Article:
Leaders of the American Health Care Association/National Center for Assisted Living (AHCA/NCAL) on Dec. 7 urged all state governors and public health officials to prioritize long term care (LTC) residents and staff for COVID-19 vaccinations as the surest way to quickly reduce the nation’s already staggering mortality rate blamed on the virus.

“A one-month delay in distributing the vaccine to all long term care residents and caregivers could result in more than 20,000 of our residents losing their lives when a vaccine could have saved them,” said Mark Parkinson, president and chief executive officer, AHCA/NCAL.
He said officials not putting the nation’s frail and elderly, and the people who care for them, at the top of the vaccination list would be making a mistake.

“If not vaccinated first, it would be an enormous public health blunder. Anyone getting vaccinated in the top tier is helpful [such as health care workers], but the best way to reduce COVID deaths is to vaccinate those dying most from the disease, which is long term care.”

Calling COVID the worst public health disaster in the history of the country, Parkinson said the death rates for those 80 years and older and suffering from comorbidities is truly staggering at some 20 percent, which makes the people most prone to be in that category in LTC some 600 times more likely to die from COVID than people in their 20s.

And, to make matters worse the infection rates are peaking now, some eight months since the previous spikes when the COVID pandemic first ravaged the nation in March and April.

“Nursing homes are seeing the worst outbreak since last spring with a record number of new cases (18,000-plus per week) due to community spread rapidly increasing across the U.S. and especially in the Midwest,” he said. “Unfortunately, we are also seeing COVID-related deaths in nursing homes increase to more than 2,000 per week.

“In order to protect our residents and caregivers, long term care providers need states to distribute the vaccine as soon as humanly possible and take aggressive action to reduce the level of COVID in their state,” he said.

Since vaccine trials have proven effective in triggering immune responses in Phase 3 clinical trials, Parkinson said his main two asks right now are for every governor and public health official to make LTC residents and staff the top of the top priority list, and to set a goal of having the second of two doses of the vaccine accomplished by March 1.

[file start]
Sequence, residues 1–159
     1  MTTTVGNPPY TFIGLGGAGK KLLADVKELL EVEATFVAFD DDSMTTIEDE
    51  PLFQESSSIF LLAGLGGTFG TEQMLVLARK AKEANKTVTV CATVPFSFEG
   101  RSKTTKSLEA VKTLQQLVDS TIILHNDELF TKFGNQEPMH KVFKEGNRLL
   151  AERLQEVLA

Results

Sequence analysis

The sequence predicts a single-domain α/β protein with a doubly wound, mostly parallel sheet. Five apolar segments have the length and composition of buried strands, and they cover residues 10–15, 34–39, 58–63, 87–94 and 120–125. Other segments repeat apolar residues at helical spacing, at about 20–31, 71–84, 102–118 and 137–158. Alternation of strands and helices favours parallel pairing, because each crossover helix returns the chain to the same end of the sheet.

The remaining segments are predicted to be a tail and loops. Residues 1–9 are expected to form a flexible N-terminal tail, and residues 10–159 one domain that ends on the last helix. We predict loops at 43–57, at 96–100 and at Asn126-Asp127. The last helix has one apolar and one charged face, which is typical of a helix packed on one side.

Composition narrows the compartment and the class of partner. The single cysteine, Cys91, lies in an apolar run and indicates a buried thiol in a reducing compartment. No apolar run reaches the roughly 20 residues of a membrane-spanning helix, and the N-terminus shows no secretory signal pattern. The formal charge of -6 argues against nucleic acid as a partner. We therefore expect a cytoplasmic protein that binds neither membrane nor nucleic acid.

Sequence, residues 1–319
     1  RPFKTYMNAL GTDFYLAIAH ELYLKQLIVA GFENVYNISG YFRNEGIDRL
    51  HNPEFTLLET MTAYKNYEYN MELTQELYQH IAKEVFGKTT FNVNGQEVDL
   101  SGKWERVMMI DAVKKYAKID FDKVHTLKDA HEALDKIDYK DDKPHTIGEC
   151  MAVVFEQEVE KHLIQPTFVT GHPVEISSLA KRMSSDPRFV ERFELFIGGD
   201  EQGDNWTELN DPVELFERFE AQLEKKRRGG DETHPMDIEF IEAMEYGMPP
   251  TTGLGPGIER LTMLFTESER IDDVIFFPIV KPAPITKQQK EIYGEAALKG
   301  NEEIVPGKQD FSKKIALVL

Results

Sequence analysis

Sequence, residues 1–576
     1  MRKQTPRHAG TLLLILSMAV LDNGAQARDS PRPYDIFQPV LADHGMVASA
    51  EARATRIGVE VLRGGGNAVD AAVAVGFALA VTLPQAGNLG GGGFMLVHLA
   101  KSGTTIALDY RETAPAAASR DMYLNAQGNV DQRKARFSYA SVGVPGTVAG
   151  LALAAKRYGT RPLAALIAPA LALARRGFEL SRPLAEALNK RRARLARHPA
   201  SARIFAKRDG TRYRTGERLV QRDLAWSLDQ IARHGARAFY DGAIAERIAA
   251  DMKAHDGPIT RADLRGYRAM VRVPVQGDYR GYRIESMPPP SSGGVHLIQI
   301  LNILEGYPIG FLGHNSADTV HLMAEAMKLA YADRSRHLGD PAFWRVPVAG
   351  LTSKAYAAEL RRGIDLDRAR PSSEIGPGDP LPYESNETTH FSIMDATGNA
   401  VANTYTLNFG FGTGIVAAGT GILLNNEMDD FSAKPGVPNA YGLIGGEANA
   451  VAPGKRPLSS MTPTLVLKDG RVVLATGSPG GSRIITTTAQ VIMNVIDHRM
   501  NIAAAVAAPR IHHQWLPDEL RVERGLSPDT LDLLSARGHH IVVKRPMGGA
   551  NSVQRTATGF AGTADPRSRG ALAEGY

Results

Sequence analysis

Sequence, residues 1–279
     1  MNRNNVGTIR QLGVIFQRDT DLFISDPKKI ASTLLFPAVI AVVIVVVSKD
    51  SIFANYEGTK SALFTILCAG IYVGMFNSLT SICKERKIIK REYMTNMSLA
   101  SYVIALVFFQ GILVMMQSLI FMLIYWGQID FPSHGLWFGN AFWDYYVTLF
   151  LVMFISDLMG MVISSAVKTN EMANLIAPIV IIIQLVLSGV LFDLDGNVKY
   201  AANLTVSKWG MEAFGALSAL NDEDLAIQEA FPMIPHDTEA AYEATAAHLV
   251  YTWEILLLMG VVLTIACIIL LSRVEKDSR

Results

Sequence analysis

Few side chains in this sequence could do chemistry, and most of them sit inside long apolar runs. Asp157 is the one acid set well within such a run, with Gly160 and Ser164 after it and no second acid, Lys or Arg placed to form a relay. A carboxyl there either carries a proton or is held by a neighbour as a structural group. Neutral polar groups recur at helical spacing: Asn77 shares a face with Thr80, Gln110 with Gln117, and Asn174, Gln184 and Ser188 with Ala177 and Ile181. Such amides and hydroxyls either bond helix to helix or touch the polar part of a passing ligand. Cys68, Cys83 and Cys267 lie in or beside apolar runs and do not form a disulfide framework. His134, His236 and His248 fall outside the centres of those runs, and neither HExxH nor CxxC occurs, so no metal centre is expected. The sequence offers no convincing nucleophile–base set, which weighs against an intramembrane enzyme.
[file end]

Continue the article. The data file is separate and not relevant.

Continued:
He also said Congress “urgently” needs to replenish emergency funding “to help our providers to pay for PPE [personal protective equipment] supplies, testing, and additional staffing.”

Also speaking on the subject, David Gifford, MD, AHCA/NCAL chief medical officer and senior vice president of quality and regulatory affairs, said LTC providers in nursing homes and assisted living communities stand ready to help facilitate this monumental endeavor in delivering the vaccines to those most in need.

“There are a number of logistics still to confirm, many of which must be clarified by federal and state governments. We are eager for government officials to ensure long term care providers have the information and tools they need to make this effort successful,” he said.

“This is an ever-evolving situation, and governors may continue to change their distribution plans. We are urging all state public health officials to follow the CDC [Centers for Disease Control and Prevention] recommendations by including long term care residents and staff in the first phase of vaccine distribution. Given our vulnerable population and rapidly increasing cases, we are urging states to provide the first available vaccines to our residents and caregivers.”

On the subject of how many residents and staff may opt not to take the vaccine, Gifford said he is confident the numbers will be high for those wanting to have the vaccine. “We believe that educating staff, residents, and family members about the importance of vaccines and the COVID vaccine itself will be critical,” he added.

Parkinson noted that the trauma that has been experienced inside facilities by residents and staff as so many deaths have occurred over a short period makes him confident as well that vaccine uptake will not be a problem.